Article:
By Leo Cendrowicz
After four months of coalition negotiations, the Dutch government was sworn in on Thursday. As Queen Beatrix of The Netherlands led the new cabinet onto the balcony of the Huis ten Bosch Palace in The Hague for a formal group photo, there was a conspicuous absence from the ceremony: Geert Wilders, the flamboyantly strident anti-Islamic politician who holds the balance of power in the country. As the government begins ruling, however, there’s no doubt Wilders’ influence will be felt. And that has many citizens in The Netherlands worried that the era of famous Dutch tolerance is coming to a close.
The country’s new Prime Minister is Mark Rutte, the 43-year-old leader of the pro-business liberal VVD party: with his coalition allies from the conservative Christian Democrats (CDA), Rutte leads the country’s first minority administration since the Second World War. It took a full four months to cobble the minority coalition together because Wilders, whose far-right Freedom Party (PVV) surged to third place in the elections last June, securing 15% of the vote. Wilders and his party won’t get ministerial representation in the government, but he has agreed to prop up the Rutte’s minority government in Parliament.
(See more on the recent election.)
In exchange, the incoming administration has accepted Wilders’ demands for a harder line with immigrants and Muslims. The government program includes measures to ban the burqa; reject more asylum-seekers; halve immigration from non-Western countries; bar radical religious leaders entering the country; set language and citizenship classes for immigrants applying for residence permits; and fast-track expulsions of immigrants convicted of crimes. The anti-liberal shift also applies to other tenets of Dutch tolerance: the government has agreed to take a harder line toward the European Union, beef up the police, and close the famous coffee shops of Amsterdam to foreign tourists.
This reflects a sharp cultural shift, according to Henk Overbeek, professor of international relations at the Free University in Amsterdam. “It signals that the Netherlands is moving away from its longtime traditions of openness,” he says. “This populist, right-wing, anti-immigrant rhetoric has become increasingly widespread and it is visible across Europe. Ironically, as immigration becomes less important — in part because of tighter legislation over past 20 years — the rhetoric has become louder.”
(See pictures of immigration in Europe.)
Overbeek says the changes in the Netherlands are part of a broad trend sweeping across other northern European countries previously known for their liberal social attitudes. In Denmark, the populist Danish People’s Party has supported a minority government since 2001. In Sweden’s recent election, a surge for the far right gave the anti-immigrant Sweden Democrats their first parliamentary seats. “An increasing part of the population feels abandoned by politicians, and this creates a breeding ground for populism,” he says. “The rise in cultural nationalism has something to do with sense of alienation in a globalized world. And it expresses itself in hostility to outsiders and foreigners.”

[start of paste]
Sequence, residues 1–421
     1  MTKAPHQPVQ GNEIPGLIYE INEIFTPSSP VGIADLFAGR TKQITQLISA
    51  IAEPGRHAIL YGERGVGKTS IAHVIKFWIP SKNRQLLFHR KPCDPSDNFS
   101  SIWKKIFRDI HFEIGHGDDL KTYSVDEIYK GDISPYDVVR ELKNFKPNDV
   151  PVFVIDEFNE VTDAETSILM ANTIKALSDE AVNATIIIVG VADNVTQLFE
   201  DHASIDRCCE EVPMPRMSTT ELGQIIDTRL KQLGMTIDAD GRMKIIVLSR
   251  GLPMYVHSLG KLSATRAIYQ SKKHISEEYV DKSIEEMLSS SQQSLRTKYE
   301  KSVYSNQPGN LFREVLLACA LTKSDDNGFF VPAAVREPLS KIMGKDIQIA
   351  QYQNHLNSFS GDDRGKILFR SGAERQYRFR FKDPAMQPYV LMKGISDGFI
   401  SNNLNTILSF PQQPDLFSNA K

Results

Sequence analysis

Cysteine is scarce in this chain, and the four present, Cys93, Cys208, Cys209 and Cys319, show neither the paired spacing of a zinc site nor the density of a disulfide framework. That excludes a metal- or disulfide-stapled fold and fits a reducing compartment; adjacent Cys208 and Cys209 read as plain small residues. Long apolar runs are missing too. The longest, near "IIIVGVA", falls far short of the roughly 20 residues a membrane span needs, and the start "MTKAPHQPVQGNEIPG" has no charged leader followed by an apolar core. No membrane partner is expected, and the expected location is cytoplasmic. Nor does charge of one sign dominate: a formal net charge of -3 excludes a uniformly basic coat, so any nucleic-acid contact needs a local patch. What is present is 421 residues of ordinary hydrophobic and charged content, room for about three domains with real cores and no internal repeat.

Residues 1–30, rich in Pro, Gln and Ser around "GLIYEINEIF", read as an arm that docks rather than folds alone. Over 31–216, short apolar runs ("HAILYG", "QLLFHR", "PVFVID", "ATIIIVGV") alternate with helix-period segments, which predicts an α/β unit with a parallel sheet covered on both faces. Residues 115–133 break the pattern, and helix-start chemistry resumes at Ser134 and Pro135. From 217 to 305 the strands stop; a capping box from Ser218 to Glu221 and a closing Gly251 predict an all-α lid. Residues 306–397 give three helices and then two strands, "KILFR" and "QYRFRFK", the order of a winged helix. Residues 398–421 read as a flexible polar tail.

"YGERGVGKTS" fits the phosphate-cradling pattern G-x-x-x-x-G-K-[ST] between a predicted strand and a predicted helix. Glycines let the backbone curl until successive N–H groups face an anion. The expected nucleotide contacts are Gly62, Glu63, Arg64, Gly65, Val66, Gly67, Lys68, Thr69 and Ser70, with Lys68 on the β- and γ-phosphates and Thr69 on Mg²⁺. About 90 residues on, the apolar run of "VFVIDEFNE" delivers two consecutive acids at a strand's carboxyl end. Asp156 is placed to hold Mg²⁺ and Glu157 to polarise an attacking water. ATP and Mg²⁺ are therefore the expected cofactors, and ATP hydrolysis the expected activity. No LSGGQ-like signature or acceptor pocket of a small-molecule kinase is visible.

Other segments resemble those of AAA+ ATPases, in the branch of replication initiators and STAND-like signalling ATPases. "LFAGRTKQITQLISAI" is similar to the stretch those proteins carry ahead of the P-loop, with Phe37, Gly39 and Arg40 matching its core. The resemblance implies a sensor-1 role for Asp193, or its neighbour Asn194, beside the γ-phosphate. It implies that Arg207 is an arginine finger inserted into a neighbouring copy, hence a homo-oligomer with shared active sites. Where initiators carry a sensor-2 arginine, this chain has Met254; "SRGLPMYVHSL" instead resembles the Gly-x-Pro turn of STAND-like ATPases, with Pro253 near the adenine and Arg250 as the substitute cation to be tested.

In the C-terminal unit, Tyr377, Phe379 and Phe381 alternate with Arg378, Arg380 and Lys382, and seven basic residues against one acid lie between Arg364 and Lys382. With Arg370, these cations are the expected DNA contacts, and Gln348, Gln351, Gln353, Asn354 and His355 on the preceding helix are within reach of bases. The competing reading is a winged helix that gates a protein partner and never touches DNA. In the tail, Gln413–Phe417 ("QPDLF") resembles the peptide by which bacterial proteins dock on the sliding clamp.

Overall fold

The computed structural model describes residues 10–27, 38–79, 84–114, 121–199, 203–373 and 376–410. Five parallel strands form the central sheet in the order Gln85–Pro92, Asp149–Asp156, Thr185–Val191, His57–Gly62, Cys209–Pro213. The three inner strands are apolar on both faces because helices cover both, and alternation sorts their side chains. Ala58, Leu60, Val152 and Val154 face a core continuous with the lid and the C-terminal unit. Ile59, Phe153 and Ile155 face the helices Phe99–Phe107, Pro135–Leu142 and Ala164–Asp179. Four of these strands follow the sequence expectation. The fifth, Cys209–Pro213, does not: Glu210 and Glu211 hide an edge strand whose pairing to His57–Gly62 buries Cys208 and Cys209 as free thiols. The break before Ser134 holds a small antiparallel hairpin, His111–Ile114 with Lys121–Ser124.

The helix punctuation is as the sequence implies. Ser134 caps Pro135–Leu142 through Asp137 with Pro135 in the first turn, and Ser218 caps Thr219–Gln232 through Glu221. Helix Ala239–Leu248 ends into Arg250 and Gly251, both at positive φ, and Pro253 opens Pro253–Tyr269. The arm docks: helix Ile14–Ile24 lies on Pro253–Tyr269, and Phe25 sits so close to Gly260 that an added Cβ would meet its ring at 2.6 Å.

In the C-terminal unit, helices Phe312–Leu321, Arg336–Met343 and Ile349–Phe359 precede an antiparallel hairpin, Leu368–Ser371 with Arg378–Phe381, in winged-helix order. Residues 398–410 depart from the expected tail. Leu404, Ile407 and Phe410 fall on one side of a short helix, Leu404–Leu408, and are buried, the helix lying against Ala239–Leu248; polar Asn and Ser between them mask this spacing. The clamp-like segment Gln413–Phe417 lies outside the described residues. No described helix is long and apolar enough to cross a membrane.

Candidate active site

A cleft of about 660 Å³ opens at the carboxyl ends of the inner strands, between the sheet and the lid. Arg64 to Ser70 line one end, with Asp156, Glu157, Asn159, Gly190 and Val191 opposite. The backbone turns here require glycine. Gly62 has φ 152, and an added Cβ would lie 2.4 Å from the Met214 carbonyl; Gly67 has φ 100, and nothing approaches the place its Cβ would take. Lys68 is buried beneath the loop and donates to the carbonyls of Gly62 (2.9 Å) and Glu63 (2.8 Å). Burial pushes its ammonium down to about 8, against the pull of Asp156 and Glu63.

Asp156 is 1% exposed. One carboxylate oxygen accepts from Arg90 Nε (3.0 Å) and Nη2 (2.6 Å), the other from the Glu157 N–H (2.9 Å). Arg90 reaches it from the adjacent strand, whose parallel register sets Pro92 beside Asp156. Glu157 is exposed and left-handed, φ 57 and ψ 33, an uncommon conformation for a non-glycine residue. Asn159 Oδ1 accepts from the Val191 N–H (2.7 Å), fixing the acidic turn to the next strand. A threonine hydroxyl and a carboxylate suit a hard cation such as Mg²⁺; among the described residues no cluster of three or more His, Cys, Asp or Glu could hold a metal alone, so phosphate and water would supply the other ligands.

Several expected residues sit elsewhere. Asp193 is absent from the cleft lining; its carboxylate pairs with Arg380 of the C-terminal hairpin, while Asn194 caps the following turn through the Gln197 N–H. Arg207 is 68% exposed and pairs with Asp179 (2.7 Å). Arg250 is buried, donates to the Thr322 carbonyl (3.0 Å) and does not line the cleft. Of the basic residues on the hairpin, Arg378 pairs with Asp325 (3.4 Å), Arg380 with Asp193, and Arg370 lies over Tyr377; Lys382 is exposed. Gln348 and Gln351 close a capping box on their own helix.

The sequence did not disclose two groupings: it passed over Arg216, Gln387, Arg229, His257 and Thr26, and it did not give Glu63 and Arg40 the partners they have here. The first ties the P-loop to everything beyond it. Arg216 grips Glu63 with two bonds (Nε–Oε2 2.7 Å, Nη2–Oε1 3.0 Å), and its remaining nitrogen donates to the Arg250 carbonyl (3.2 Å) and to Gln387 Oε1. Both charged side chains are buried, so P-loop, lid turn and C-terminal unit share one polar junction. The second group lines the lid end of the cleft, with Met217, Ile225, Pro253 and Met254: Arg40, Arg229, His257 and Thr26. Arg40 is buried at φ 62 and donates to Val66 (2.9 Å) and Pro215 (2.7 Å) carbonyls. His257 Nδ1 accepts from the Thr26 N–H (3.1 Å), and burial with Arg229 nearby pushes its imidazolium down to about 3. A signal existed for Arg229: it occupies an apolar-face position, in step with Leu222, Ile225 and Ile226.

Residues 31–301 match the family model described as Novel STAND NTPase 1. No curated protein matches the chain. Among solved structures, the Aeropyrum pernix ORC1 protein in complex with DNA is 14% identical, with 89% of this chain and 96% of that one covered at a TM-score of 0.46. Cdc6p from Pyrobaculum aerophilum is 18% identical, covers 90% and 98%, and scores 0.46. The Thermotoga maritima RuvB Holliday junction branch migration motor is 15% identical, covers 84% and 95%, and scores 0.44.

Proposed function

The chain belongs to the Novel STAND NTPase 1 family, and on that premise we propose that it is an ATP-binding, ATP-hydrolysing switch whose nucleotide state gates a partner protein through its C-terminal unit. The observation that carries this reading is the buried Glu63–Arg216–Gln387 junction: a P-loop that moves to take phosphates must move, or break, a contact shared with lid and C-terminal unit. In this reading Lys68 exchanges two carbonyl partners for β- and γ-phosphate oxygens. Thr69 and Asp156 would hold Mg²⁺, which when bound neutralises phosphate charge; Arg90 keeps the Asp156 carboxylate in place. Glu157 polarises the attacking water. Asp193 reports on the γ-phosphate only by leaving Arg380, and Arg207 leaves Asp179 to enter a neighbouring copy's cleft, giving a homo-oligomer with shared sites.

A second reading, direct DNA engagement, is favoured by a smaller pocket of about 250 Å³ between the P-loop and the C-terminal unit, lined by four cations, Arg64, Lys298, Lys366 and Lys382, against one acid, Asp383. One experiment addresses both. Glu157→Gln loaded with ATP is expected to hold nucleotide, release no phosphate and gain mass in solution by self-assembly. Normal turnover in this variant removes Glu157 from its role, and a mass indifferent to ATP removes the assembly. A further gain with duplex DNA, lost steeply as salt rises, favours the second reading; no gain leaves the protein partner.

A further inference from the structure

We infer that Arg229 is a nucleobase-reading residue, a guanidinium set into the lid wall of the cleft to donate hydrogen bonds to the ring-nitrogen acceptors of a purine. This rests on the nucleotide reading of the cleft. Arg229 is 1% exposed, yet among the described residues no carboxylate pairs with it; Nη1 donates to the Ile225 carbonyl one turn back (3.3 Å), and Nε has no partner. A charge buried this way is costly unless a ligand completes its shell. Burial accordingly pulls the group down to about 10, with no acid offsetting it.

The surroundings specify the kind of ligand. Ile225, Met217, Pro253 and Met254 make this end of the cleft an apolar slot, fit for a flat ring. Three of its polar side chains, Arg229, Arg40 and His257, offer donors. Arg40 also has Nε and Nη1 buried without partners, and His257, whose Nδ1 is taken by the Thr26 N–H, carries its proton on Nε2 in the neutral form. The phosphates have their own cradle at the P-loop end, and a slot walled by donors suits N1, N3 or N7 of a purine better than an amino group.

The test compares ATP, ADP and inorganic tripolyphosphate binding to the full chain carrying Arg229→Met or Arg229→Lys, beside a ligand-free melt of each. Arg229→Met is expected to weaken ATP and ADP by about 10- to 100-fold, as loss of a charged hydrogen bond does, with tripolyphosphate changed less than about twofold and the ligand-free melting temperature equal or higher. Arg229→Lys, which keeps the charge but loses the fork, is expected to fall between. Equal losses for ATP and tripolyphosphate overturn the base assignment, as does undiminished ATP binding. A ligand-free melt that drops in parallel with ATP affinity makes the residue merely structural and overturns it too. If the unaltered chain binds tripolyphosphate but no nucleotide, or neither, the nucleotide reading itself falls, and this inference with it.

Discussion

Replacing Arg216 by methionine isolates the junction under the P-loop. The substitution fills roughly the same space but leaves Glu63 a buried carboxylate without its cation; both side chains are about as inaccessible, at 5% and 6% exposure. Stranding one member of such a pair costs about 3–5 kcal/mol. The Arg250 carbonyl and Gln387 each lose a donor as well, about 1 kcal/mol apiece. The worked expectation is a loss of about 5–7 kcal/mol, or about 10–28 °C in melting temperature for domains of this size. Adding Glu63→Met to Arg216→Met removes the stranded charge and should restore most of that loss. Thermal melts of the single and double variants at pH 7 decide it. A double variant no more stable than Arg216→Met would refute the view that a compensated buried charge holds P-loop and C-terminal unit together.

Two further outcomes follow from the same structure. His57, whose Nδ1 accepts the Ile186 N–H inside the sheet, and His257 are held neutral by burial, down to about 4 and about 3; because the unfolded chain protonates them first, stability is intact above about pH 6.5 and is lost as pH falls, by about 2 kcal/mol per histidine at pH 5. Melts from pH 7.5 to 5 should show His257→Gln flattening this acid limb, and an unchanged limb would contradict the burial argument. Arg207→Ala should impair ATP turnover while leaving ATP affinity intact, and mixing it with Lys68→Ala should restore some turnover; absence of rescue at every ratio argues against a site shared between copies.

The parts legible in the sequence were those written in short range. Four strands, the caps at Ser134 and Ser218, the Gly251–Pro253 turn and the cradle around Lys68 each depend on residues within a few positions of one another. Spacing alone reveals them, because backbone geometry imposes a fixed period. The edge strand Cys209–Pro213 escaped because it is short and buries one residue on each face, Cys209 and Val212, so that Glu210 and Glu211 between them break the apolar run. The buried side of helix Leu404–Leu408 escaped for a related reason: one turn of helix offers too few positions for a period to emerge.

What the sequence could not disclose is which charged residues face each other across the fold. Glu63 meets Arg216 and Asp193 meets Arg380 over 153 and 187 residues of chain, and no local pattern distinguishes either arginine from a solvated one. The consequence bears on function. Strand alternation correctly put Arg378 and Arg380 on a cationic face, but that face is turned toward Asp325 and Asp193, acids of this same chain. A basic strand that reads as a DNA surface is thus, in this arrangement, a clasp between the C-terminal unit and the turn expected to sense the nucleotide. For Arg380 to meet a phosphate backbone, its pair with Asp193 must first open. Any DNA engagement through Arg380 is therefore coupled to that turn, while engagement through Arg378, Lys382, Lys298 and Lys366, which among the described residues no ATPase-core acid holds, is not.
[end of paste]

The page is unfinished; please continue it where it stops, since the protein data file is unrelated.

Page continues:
(See more on the Far Right in Europe.)
With his shock of white hair and penchant for strident attacks on Islam, Wilders will be the joker in the pack of the Dutch parliament, analysts say; no one quite knows how he will use his influence. Rob de Wijk, director of The Hague Centre for Strategic Studies (HCSS), says Wilders will enjoy carping from the sidelines. “He has no responsibility. He can continue to play to the public gallery, while the government is completely at his mercy.” De Wijk says this will likely happen when some of the planned measures — such as an end to the policy of automatically treating nationals of some countries as refugees — have to be abandoned because they break E.U. law.
De Wijk also worries about the effect of the coalition arrangement on Dutch credibility and prestige abroad. “The country has indeed become less tolerant, less European, more inward looking,” he says. “Yet if this intolerance is reflected in our policies, it would be disaster. The Netherlands will no longer be seen as a loyal and reliable partner. It will undermine our reputation. We will marginalize ourselves.”
Then there is the question of whether Rutte’s precarious coalition can remain united. Even with the support of Wilders, the new government will have a majority of just one in the 150-seat lower house of parliament, and no majority at all in the upper house. It would take just one dissident from within the coalition ranks to bring it down — not an unlikely scenario, given the recent challenge to Wilders’s leadership by one of his own MPs, and the Christian Democrats’ internal disagreements on whether to join the coalition in the first place. A recent poll showed that only 28% of voters expect the government to run a full term, while 36% think it will collapse by the end of next year.
(See more on Wilders.)
As for Wilders, he is for the moment occupied with other concerns: He is in court, charged with inciting hatred of Muslims after branding the Koran fascist and likening it to Mein Kampf, a trial that his supporters say is an attack on free speech and democracy. The trial is due to run until early next month, and will ensure — whatever the verdict — that he continues to dominate the news in The Netherlands. To the concern of many Dutch, his new power-broker arrangement means that he can dominate more than just headlines now.